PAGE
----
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Dave Davies

Copyright 2020 Fresh Air. To see more, visit Fresh Air.

TERRY GROSS, HOST:

In California's Yosemite National Park, the summit of the iconic El Capitan rock formation looms 3,000 feet above its base. Though El Capitan's vertical granite has always presented a challenge for climbers, its southeastern face, known as the Dawn Wall, is thought to be the most punishing.

DAVE DAVIES, HOST:

This is FRESH AIR. I'm Dave Davies, in for Terry Gross. Last year, the NCAA college basketball tournament known as March Madness was seen by 97 million TV viewers.

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UNIDENTIFIED SPORTSCASTER: Six. Newton. Long two. And he sticks it.

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TERRY GROSS, HOST:

This is FRESH AIR. I'm Terry Gross. The New York Times just reported that in 2016 Rick Gates, then-deputy campaign manager for Donald Trump, requested proposals from an Israeli company to create fake online identities and use social media manipulation to help defeat Trump's rivals for the Republican nomination in the primary and Hillary Clinton in the general election. The proposals were apparently never acted on, but we know that Russian operatives made effective use of Facebook and Twitter in seeking to influence the 2016 presidential campaign.

Last week, Facebook announced the most serious security breach in its history, in which unknown hackers were able to log onto the accounts of nearly 50 million Facebook users.

Copyright 2020 Fresh Air. To see more, visit Fresh Air.

TERRY GROSS, HOST:

There's no shortage of statistics about the depth of America's opioid epidemic — there were 72,000 overdose deaths just last year — but numbers don't tell the whole story. Beth Macy takes a ground-level look at the crisis in Dopesick, a new book focusing on central Appalachia. Macy has spent three decades reporting on the region, focusing on social and economic trends and how they affect ordinary people — she says this area is the birthplace of the modern opioid epidemic.

Copyright 2020 Fresh Air. To see more, visit Fresh Air.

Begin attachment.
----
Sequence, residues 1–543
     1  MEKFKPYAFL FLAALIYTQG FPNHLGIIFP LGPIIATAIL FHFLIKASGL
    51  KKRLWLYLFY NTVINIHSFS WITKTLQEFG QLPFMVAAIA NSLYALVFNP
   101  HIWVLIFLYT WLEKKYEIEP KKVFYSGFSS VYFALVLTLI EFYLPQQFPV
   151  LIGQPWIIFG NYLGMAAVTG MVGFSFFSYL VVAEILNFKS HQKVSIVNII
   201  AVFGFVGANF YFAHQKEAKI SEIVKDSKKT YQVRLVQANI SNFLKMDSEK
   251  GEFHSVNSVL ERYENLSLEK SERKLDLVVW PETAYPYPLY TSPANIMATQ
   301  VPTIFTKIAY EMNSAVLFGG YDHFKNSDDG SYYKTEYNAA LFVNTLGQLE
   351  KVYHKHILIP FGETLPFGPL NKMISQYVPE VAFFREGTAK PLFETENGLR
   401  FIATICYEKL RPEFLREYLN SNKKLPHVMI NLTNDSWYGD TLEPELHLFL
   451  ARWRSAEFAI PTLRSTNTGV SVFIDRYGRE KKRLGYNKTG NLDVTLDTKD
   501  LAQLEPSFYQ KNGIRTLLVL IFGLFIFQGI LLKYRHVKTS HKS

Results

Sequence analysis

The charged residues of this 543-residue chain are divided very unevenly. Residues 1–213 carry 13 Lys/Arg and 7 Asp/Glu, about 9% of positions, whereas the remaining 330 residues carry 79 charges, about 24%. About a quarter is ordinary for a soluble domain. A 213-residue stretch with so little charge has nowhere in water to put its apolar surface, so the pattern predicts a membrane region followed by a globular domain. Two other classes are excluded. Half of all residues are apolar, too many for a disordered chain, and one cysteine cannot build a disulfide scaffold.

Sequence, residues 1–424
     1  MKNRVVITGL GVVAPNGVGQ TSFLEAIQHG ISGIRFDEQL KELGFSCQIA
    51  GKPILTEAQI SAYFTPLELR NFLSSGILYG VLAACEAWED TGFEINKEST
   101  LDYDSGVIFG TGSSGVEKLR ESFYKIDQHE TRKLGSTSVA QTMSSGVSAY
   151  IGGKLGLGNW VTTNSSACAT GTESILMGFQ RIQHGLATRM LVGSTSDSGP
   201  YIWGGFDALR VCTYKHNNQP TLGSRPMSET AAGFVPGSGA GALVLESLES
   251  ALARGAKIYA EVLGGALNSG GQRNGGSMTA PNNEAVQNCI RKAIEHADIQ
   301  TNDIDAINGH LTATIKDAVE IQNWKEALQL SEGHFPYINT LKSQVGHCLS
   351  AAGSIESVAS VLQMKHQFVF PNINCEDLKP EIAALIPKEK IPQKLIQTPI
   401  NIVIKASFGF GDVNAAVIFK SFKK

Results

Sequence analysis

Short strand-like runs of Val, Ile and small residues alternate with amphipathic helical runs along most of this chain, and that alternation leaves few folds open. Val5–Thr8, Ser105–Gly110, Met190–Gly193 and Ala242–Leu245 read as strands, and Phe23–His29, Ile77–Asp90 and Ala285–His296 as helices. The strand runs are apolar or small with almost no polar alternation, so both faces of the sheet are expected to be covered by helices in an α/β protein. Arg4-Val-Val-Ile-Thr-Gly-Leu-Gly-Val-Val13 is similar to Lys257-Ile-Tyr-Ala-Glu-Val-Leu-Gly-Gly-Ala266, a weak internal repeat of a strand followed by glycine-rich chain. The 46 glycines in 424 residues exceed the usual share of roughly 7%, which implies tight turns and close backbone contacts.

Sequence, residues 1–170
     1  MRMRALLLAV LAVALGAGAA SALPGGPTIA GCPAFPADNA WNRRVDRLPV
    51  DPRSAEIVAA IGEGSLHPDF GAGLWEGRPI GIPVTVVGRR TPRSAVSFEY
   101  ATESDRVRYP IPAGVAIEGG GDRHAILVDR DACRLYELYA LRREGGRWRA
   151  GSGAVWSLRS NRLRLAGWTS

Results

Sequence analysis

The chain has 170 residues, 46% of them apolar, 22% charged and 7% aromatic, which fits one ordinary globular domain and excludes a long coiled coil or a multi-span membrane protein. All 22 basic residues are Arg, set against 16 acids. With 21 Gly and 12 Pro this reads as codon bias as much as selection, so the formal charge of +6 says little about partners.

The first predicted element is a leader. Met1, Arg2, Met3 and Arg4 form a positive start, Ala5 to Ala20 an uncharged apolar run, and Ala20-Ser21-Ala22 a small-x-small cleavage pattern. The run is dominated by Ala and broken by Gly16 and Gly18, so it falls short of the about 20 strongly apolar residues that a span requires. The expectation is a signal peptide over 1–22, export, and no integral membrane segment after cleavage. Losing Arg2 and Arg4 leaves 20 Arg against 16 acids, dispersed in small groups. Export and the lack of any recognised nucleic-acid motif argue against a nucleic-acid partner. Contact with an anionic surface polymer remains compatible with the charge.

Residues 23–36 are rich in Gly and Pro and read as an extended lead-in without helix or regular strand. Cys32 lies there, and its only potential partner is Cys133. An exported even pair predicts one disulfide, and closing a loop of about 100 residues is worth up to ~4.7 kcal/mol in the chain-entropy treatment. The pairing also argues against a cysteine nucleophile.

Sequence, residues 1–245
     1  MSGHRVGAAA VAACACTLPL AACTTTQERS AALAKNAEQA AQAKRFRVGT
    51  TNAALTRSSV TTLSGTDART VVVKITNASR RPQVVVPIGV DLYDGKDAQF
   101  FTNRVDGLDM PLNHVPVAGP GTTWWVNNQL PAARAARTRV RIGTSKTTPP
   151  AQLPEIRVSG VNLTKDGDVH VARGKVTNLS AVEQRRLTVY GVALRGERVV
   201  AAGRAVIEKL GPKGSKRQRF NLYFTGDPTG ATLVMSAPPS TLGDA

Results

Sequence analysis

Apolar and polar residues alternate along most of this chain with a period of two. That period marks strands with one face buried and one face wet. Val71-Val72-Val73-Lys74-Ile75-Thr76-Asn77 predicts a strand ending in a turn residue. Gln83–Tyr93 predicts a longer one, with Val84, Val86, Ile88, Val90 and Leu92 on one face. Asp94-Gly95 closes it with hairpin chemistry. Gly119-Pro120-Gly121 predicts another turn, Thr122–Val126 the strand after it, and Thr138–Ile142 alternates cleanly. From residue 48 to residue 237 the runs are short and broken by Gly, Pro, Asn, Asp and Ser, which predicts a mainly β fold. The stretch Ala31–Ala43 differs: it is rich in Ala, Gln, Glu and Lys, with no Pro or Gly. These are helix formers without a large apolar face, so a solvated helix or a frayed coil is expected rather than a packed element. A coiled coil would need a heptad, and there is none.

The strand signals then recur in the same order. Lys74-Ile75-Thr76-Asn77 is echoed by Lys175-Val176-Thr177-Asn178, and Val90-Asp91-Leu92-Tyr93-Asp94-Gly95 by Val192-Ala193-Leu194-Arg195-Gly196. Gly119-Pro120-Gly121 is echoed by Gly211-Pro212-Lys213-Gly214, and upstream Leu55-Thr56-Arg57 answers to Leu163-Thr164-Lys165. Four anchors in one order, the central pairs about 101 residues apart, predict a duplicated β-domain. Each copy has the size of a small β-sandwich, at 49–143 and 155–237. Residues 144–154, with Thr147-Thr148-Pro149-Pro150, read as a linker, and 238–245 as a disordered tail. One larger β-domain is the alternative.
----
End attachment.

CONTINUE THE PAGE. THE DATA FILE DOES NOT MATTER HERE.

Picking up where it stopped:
DAVE DAVIES, HOST:

We think of whales as creatures of the sea, but scientists now believe that 40 million to 50 million years ago, whales had four legs and lived at least part of their lives on land.

"We can tell that they're whales based on key features of their anatomy — specifically parts of their skull," paleobiologist Nick Pyenson says. "But they were certainly not like the whales that you would see today."

Copyright 2020 Fresh Air. To see more, visit Fresh Air.

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Kidnapped by Somali pirates, journalist Michael Scott Moore spent two and half years in captivity. At times he was held on land, other times at sea. Once, when he was on a 160-foot tuna boat, he tried to escape by jumping over the side at night.

"It was, like, a 20 foot leap off the deck of the ship, and I was just exultant at first," Moore says.

Moore had hoped the pirates would leave him behind in the water. "The engine wasn't in terrific shape, so I didn't think there was a way to turn around the ship," he says.

DAVE DAVIES, HOST:

This is FRESH AIR. I'm Dave Davies in for Terry Gross, who is giving the keynote address at the Podcast Movement conference, which is being held this week in Philadelphia.

By some accounts, nearly half of America's incarcerated population is mentally ill — and journalist Alisa Roth argues that most aren't getting the treatment they need.

Roth has visited jails in New York, Chicago, Los Angeles and Atlanta and a rural women's prison in Oklahoma to assess the condition of mentally ill prisoners. She says correctional officers are on the "front lines" of mental health treatment — despite the fact that they lack clinical training.

Copyright 2018 Fresh Air. To see more, visit Fresh Air.

DAVE DAVIES, HOST:

Nick Offerman has made a career out of playing colorful cranks — most notably, Ron Swanson, the hyper-masculine boss on the NBC comedy series Parks and Recreation.

But now, in the new film, Hearts Beat Loud, Offerman has a chance to play a more nuanced character — one he calls a "fully fleshed-out human being." Offerman plays a middle-age single dad who owns a struggling record store and wants to start a band with his teenage daughter, played by Kiersey Clemons.

Copyright 2018 Fresh Air. To see more, visit Fresh Air.

DAVE DAVIES, HOST:

Ben Rhodes was 24 years old and working on a city council campaign in Brooklyn on Sept. 11, 2001, when a hijacked plane hit the World Trade Center. He stood on the street, watching with a group of other New Yorkers as a second plane struck and, then, as the first tower collapsed.

"I just remember walking home and thinking, 'My life is going to be different because of this; I feel a need to be a part of whatever happens because of this,'" Rhodes says. "I didn't know exactly what that meant, but I knew that I was in a fork in the road that was going to lead me in a new direction."

Copyright 2018 Fresh Air. To see more, visit Fresh Air.

TERRY GROSS, HOST:

This is FRESH AIR. I'm Terry Gross.

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